• Interdisciplinary Journal of Research in Business ISSN: 2046-7141 Vol. 1, Issue. 12, (pp.01- 08) | 2012 4 salaries or support from spouse. Other sections included child health (children under five), maternal health (women of child bearing age), environmental health, food security and level of income. Data in relation to age of the respondents, their sex, type of business, level of education and type of household, were analyzed using descriptive statistics such as frequency distribution, percentages, the mean and standard deviation. The chi-square (χ2 ) statistic was used to test relations between categorical variables to establish whether there was any statistical significance in the relationships. Inferential statistics especially multivariate statistical analysis of the data was used for factor analysis procedure to determine which items could be used in summated scales to calculate the health outcome underlying dimensions scores. Cluster analysis was conducted to group the independent variables into three levels namely: high, moderate and low level entrepreneurs. RESEARCH FINDINGS The results indicate that 45.5% of CHWs with high risk-taking propensity were of child bearing age and qualified for the child and maternal health assessment. 81.8% of CHWs with high risk-taking propensity had visited the antenatal clinic 4 times while 76.9% of CHWs with low risk-taking propensity visited the antenatal clinic 4 times. The difference was not significant although it suggests that high risk propensity had an influence in attending antenatal clinic. Similarly, in terms of health facility delivery, all the 100% of CHWs with high risk-taking propensity delivered at the health facility while 80.8% of CHWs with low risk propensity delivered at the health facility. In terms of measles immunization, 90.9% of CHWs with high risk propensity had their children immunized, while 80.8% of CHWs with low risk propensity had their children immunized against measles. These results show that CHWs with high risk propensity seemed to demonstrate better health seeking behaviour compared to CHWs with low risk propensity. Although the results do not confirm the hypothesis that the higher the risk propensity, the better the health indicators because there is no statistical significant (P>0.05). Insert Table 1. In terms of Insecticide Treated Nets (ITN) use, water treatment, latrine use and owning a kitchen garden, CHWs with high risk propensity consistently had better indicators as follows: ITN use 95% against 89.8% of CHWs with low risk propensity; water treatment 100% compared to 83.1% of CHWs with low risk propensity with a P value of 0.049 showing that there is a significant difference between the two; latrine use 90% against 83.1% of CHWs with low risk propensity; kitchen garden 90% compared to 84.7% of CHWs with low risk propensity. However in terms of food availability, the CHWs with low risk propensity had better indicators with 64.4% having food available while 50% of CHWs with high risk propensity had food available, an indication that probably CHWs with high risk propensity do not store food as they buy only what they need. Generally, CHWs with high risk taking propensity performed better in all the health indicators compared to CHWs with low risk propensity implying that high risk-taking propensity may influence health seeking behaviour among the CHWs although not statistically significant (P>0.05). Insert Table 2. CHWs with high risk propensity had better health indicators in all aspects compared to Non CHWs. In terms health facility delivery for child and maternal health, 72.2% of CHWs with high risk-taking propensity delivered in health facility compared to 27.8% of the Non CHWs. The difference observed was statistically significant (P= 0.008) among CHWs and the results supports the hypothesis that the higher the risk taking propensity, the greater the health facility delivery. Similarly, in terms of measles immunization among CHWs with high risk propensity, 55.6% had their children immunized compared to 44.4% for Non CHWs. This difference was not statistically significant suggesting that observed difference could occur by chance. There was no conclusive evidence that risk-taking propensity had influence over the completion of vaccination among CHWs and Non CHWs. In terms of health seeking behaviour, 55.6% of CHWs with high risk propensity used ITN nets as compared to 44.4% of the Non CHWs, which was consistent in all the findings in relation to high risk taking propensity. However, although CHWs with low risk propensity had better health indicators compared to Non CHWs in most aspects except ANC where Non CHWs had 51.3% attendance compared to 48.7% of CHWs with low risk- taking propensity CHWs. It would suggest that CHW status had a direct influence over health seeking behaviour than risk-taking propensity. Insert Table 3.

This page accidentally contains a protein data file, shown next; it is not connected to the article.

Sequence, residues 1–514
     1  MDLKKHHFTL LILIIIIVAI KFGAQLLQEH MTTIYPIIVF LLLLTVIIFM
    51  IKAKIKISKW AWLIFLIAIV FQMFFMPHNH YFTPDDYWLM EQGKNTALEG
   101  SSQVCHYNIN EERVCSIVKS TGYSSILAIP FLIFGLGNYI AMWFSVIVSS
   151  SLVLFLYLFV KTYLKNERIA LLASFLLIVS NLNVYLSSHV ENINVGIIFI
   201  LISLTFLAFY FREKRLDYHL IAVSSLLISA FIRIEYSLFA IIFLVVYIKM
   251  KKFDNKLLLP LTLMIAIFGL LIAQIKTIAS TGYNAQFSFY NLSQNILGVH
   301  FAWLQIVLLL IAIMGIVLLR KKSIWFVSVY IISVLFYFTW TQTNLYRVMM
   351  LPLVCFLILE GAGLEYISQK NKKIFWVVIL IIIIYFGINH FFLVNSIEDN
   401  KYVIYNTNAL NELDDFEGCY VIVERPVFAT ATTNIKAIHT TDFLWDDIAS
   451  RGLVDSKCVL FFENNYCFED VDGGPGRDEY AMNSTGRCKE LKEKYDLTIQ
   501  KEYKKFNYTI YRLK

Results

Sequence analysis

• Interdisciplinary Journal of Research in Business ISSN: 2046-7141 Vol. 1, Issue. 12, (pp.01- 08) | 2012 5 16 clients were in the high risk taking category while 2 were in the low risk taking category group. Further analysis revealed that 81% clients of CHWs with high risk propensity attended antenatal clinic 4 times and took their children for measles immunization while 87% delivered at the health facility. The results were not as high as those of the 2 clients of CHWs with low risk propensity who had 100% in each of health indicators although they were not statistically significant. However, clients of CHWs with high risk propensity being the majority had performance within their own group with each above 80%. The performance though lower than the clients CHWs with low risk propensity was consistent with the performance of the CHWs with high risk taking propensity hence there may be an influence in their performance. In essence, there was no difference or influence in the health seeking behavior among the clients of CHWs with high and low level risk taking propensity. Insert Table 4. In relation to environmental health and food security, clients of CHWs with high risk propensity performed better in all the health indicators except owning a kitchen garden where they had similar results compared to the clients of CHWs with low risk taking propensity. This demonstrated that the CHWs with high risk taking propensity seemed to have an influence on their clients performance in relation to environmental health especially in terms of ITN use where there is statistical significance of .003 and food security. Insert Table5. CONCLUSION AND DISCUSSIONS The study was limited to entrepreneurial behaviour, socio-demographic characteristics of the entrepreneur and enterprise in relation to the improvement of community health and development. The focus was on improvement of health indicators among CHWs and their clients and the study investigated to what level entrepreneurial characteristics of CHWs could influence their health indicators and that of their clients. It concentrated on entrepreneurial behaviour process among small business owners who were CHWs as the independent variable while community health indicators were dependent variables. The findings confirm the hypothesis that the higher the risk taking propensity, the better the health indicators among CHWs and their communities. There was a statistical significance with a P value of .049 among CHWs with high risk taking propensity compared to those with low risk taking propensity in relation to water treatment. The results also confirmed the hypothesis in relation to health facility delivery among CHWs with high risk taking propensity and their clients with a statistical significance P value of 0.008 and water treatment among CHWs with low risk taking propensity and their clients with P value of .002. Lastly, among clients of CHWs with high risk taking propensity there was significant P value of .003 in ITN use compared to clients of CHWs with low risk taking propensity. Although most of other health indicators had not been found to have a significant relationship with risk taking propensity, there was evidence that health facility delivery, water treatment and ITN use were influenced by risk taking propensity as an entrepreneurial behaviour. Both CHWs and their clients with high risk taking propensity had demonstrated they perform better in health facility delivery, water treatment or ITN use. Risk taking propensity was found to be an innate characteristic and therefore existed in the sub conscious of those who have it or were not even aware of it. This trait can influence the improvement of health indicators within health facility delivery, water treatment and ITN use in the community if it is strengthened among the CHWs and their clients through training or identified at the point of recruitment of CHWs. The finding supports the view by Okpara (2008) who investigated the impact of entrepreneurial orientation (EO) on the performance of SMEs in Nigeria and concluded that High EO was related to export performance. Thus, high EO owners and managers who have among other traits risk-seeking behaviour are likely to exploit export opportunities. This indicates that the risk of entering the export market pays off for proactive-oriented entrepreneurs as they outperform conservative-oriented entrepreneurs. Considering that risk-taking propensity has been shown to have an influence on some health indicators among CHWs and clients, it should be part of the community health strategy which attempts to combat ill health and poverty. CHWs with low risk-taking propensity could be trained to acquire risk-taking propensity since personality traits can be acquired through learning and experience. This would improve their performance in all the health indicators as seen among CHWs with high risk-taking propensity. The results of the study demonstrate that entrepreneurial activities can be greatly influenced by demographic factors such as education and that the elements of influence into business by family, especially of those whose